Get lost in this hidden gem of a film about the misery of being a stranger
Nigeria and Norway are worlds apart in almost every conceivable way. But when young Nigerian film student Ose (Nigerian-born actor Tunde Aladese, who studied film in Berlin herself) gets the opportunity to study in Drammen, Norway, she leaps at the chance.
In the award-winning Nigerian-Norwegian co-production The Lost Café, now streaming on Showmax, which was shot on location in Calabar, Nigeria and Drammen, Norway, film fans get to watch as Ose navigates all the awkwardness of culture shock, homesickness, her rotten brat of a roommate Sunniva (Jenny Bonden) and the constant assumption that Nigerian women abroad are in Europe for a prostitution holiday!
Compounding her issues is the constant tug at Ose’s heart strings from Hakeem (Omatta Udalor), the lover she left behind.
It’s a lot, honestly – and while Ose does wilt a bit, she slowly blooms again once she makes a sympathetic friend in coffee-making grandpa Oldman Thorkell (Terje Lien). The little kindness bridges the divide between continents and cultures.
At only 76 minutes, The Lost Café doesn’t ask for a lot of your time, but it pays back attention with a sharp-eyed, humorous look at the world of film students, families who are too much until they’re too far away, the misery of being a stranger and the pleasure of finding your feet in a new world.
It has something important to say about how the psychological hard work of adjustment happens in slow steps, backtracks and re-shuffling of ideas and assumptions.
A film about film
The Lost Café is especially rewarding to film students and anyone who’s fascinated by film making. Here are just five things to look for – but there is so much more.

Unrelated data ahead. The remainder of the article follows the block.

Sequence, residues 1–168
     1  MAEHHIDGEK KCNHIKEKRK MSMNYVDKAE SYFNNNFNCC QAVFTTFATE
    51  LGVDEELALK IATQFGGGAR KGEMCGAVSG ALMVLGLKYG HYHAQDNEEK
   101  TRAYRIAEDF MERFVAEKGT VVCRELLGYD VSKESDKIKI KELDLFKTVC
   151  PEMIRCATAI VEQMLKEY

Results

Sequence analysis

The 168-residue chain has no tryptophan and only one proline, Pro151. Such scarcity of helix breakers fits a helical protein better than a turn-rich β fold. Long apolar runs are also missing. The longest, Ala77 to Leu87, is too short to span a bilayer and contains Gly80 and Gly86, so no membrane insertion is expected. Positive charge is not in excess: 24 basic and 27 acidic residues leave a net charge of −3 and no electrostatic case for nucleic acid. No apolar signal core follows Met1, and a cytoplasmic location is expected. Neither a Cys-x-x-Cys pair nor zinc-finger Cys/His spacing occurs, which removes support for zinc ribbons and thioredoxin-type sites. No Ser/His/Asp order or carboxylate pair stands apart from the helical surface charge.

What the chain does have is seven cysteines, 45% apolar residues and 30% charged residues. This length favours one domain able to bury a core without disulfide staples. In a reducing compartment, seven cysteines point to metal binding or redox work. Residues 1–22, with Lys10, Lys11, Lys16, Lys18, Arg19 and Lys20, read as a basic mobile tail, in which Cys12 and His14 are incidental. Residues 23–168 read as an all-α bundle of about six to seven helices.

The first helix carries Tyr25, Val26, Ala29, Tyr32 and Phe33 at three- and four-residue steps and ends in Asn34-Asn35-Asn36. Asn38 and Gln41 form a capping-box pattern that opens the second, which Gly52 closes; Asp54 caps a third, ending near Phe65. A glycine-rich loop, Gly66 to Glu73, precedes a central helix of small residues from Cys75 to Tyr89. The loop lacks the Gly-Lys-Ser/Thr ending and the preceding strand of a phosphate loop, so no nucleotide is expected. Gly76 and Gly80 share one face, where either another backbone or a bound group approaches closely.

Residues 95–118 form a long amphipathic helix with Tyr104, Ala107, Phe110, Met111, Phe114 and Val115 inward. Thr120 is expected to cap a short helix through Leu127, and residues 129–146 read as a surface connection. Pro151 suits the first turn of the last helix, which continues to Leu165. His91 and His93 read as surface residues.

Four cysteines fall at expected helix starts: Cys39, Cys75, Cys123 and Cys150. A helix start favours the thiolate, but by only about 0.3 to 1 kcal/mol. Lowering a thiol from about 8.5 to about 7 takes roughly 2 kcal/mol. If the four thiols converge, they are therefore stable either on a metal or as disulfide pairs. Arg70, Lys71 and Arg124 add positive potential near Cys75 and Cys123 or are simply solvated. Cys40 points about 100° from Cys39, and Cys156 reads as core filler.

1 The awkwardness of lectures
This is so dead-on realistic that you might find yourself curling up like a dead leaf. The lecturer (Carla Nyquist) puts in all those leading pauses that are begging for a response from her small class of students, only to be met with dead silence. The relief when Ose starts responding with questions and ideas of her own is painfully familiar.
2 Things get even more appallingly real after the students are put in groups to work on their first collaborative project together
Time and time again we see the group meet and split up with literally no working having been done thanks to the sulks, power struggles and that one group member who just doesn’t want to be there. Fortunately we’re subjected to only one scene of their dreadful-sounding film project. Thank you, The Lost Café!
3 There are intriguing little capsule discussions about film and filmmaking
And it doesn’t go unmentioned that Nigerian students know Western films but the Norwegian students don’t even know where to get a toe-hold in Nigerian film.
4 The lighting echoes Ose’s situation
In the opening scenes, the landscapes in both Nigeria and Norway are shot with all the passion and meaning of the landscape scenes from karaoke video – which is to say, none – and it’s pointedly alienating, echoing Ose’s situation. But as Ose starts to find her place, colour and light come flooding in and the camera focuses closer to the environment, pulling us into her world.
5 The costume design makes a statement about Ose and Sunniva’s relationship
And there are more touches like this even in costume – like when Sunniva extends an olive branch to Ose to apologise for being a brat, she is, for the first time, wearing clothes full of colour and pattern that echo what Ose has been wearing.
There’s a twist
While the film contains a twist of magic realism and one character who isn’t what they seem, that twist moment feeds back into the story. And it has something important to say about how the psychological hard work of adjustment happens in slow steps, backtracks and re-shuffling of ideas and assumptions.